A Review of "Urban Spirituality: Embodying God's Mission in the Neighbourhood"

 
 
 

The following is a review of Urban Spirituality: Embodying God’s Mission in the Neighbourhood by Karina Kreminski.

Living in the city means living with the city—and the city is an inconsiderate neighbour. It makes noise from early in the morning to late at night. For me, the current soundtrack of Dublin includes the demolition squad levelling the building next door, the ultra-loud Airbnb visitors in the apartment above, and the couple whose alcohol intake convinces them that conversation is best conducted at rock concert decibels.

Challenges like this can make following Jesus in the city a continual challenge. How do you find the will to love your neighbors after they’ve kept you up all night with their shouting? Any book that offers insight on how to do it is always welcome in my apartment. Urban Spirituality was one such book. It is a well-researched piece of writing by Karina Kreminski, a college lecturer who moved to live in an inner-city neighbourhood of Sydney, Australia in an effort to practice what she teaches—how to live a Christian life in the company of a city that is largely indifferent to both Jesus and your convictions.

The book is set out in two parts. Part One is a theoretical examination of the general topic of the Jesus-following life in the company of thinkers such as Scot McKnight, Tim Foster, Charles Taylor, and C. S. Lewis. This is clearly material originally developed for the classroom—even the layout looks like an academic thesis—but it is also easily usable for practitioners. Loads of great quotes for your next talk on the city!

The opening chapter lays out the ideas that led to the book—her understanding of the city and the ways Christians view it. She sets out her understanding of what an “urban spirituality” should be; it should be missional, love the city, seek its wellbeing, and be based on embodied missional practices. “Can you imagine,” she asks, “a local faith community intentionally living out an urban spirituality that forms that community into missionaries?”

The chapters on community and place-making combine a critique of western individualism and isolationism with an analysis of the challenge the incarnation presents. As an antidote to what she calls “transience, displacement, and excarnation,” she offers the notion of “practicing stubborn faithfulness to a place.” This is a particular challenge to urban church planters who face the temptation of loving a place only if it delivers on their desire to start a new church there. With that in mind, she sets out the challenge of tackling  “disenchantment”—having no room in our lives for religion, spirituality, and miracles—by re-enchanting our local places through our interaction with those places and the people who live there.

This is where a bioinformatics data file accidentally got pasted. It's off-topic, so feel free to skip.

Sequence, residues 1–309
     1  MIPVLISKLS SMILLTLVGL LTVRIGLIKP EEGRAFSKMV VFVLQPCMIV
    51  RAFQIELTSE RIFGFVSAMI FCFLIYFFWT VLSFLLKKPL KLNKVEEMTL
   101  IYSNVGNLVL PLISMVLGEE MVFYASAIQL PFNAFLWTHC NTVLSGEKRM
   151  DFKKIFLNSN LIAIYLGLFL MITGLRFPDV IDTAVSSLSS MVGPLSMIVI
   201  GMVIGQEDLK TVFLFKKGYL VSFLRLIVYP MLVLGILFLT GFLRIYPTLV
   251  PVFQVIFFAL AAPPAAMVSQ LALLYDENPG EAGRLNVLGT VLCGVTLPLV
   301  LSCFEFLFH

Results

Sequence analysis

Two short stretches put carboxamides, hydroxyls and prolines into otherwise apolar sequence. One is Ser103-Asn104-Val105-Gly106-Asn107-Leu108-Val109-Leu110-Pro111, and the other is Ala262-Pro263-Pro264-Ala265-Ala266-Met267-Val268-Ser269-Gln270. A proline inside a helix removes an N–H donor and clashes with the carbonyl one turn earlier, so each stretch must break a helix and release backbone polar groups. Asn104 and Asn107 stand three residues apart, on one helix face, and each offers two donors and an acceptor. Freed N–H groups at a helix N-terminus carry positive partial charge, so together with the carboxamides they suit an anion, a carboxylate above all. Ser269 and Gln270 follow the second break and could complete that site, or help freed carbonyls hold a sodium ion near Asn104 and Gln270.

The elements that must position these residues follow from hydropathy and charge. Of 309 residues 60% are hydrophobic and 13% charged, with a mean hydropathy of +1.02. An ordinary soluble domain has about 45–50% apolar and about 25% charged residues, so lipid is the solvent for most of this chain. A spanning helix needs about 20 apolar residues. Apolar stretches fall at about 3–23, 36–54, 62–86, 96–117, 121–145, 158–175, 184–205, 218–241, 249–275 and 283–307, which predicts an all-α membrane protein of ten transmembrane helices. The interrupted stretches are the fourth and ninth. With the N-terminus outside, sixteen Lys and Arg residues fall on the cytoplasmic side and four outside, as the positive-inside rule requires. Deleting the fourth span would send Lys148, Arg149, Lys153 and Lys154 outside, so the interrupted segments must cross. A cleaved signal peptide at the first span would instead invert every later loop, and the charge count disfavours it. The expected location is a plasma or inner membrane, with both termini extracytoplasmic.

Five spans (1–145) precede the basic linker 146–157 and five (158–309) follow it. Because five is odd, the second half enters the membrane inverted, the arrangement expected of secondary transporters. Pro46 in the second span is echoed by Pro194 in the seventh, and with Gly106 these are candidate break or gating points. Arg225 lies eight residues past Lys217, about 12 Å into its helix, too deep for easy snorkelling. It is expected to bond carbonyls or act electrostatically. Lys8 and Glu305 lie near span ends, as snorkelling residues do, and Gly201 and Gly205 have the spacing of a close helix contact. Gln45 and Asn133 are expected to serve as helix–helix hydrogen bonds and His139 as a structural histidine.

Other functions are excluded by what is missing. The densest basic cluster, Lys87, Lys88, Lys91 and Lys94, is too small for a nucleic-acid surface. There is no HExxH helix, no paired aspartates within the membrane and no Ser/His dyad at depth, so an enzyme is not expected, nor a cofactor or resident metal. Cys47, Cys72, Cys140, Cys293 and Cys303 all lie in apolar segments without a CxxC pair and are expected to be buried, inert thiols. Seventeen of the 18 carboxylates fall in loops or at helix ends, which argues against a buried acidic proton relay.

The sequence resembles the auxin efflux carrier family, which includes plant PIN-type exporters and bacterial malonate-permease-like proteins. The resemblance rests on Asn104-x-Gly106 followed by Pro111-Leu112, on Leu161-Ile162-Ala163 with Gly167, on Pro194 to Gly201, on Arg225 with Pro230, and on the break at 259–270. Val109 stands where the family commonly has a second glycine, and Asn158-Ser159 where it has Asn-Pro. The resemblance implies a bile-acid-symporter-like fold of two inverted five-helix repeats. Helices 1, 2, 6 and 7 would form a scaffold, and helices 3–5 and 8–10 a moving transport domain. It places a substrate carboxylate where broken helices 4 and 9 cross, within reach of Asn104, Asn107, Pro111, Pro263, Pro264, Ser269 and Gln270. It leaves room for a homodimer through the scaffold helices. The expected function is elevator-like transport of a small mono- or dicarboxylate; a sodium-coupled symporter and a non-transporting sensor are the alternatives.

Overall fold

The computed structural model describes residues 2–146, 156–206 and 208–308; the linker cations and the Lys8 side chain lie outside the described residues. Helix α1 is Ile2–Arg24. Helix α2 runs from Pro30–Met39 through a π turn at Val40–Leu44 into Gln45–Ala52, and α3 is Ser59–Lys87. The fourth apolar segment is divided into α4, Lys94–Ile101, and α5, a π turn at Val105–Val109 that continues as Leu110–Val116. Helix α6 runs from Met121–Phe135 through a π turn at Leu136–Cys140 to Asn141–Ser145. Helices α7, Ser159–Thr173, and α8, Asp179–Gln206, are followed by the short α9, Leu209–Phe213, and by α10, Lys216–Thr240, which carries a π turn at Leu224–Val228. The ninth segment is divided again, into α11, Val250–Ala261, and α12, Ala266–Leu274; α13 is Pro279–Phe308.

Then follows an interlude where she considers the content of the gospel message, largely shaped by Scot McKnight and N. T. Wright. Kreminski says the gospel is primarily the story of the reign of God embodied in the life and work of Jesus, and warns against the notion that it is “a set of abstract propositions that we assent to but … leaves us sometimes unaffected.” If that is the good news, then we must work out what it looks like in the reality of our cities.

The rest of Part One opens up some other ideas related to missional living in the city, such as distraction, discernment, disenchantment, the idolatry of safety, and re-enchanting spaces. Though useful, much of this material reads like ideas for further discussion and reflection rather than a comprehensive way forward.

The much shorter Part Two looks at habits and practices that help develop a healthy and biblical urban spirituality. She considers Celtic and Benedictine traditions of communal spiritual practices, but refers only briefly to contemporary examples of urban church-planting. The final chapter offers practical suggestions of regular spiritual practices that could help shape a missional community in the city. I liked Number Five: “Slow in the City,” which suggests ways in which we can deliberately and regularly slow down in the midst of fast-moving city life.

There is plenty of honesty in these pages. Kreminski doesn’t shy away from the hard questions of fearing for our safety, sacrificing our comfort, and engaging with people we just don’t feel comfortable with. She quotes Mother Teresa’s challenge to “find your own Calcutta,” a place you will love and serve with your life. She also notes what every urban dweller experiences—that life in the city can make you more angry and less patient, more hurried and less human. I got the sense of someone who had moved well beyond her comfort zone in her journey of following Jesus.

What the book lacks is stories that reflect what that experience was for her. I wanted to scribble in the margins—“tell me about that” or “introduce me to your neighbours.” The subtitle uses the word “embodying,” but the text could use more stories of how that embodying worked out for the author in her conscious decision to become a practitioner as well as a teacher. But for all that, it is a worthwhile read. My hope is that it becomes a means of ongoing conversation about the challenge of following Jesus in mission in the cities of the world.


sean-mullan.png

About the Author

Seán Mullan is the founder and director of Third Space, a social business providing gathering space, training and employment initiatives in the centre of Dublin. Seán previously worked as a church planter and church leader in Cork and Dublin. Seán and Ana continue to work with church planters in Dublin. Married to Ana for 35 years, they have three adult children and two grandchildren.

 
Seán Mullan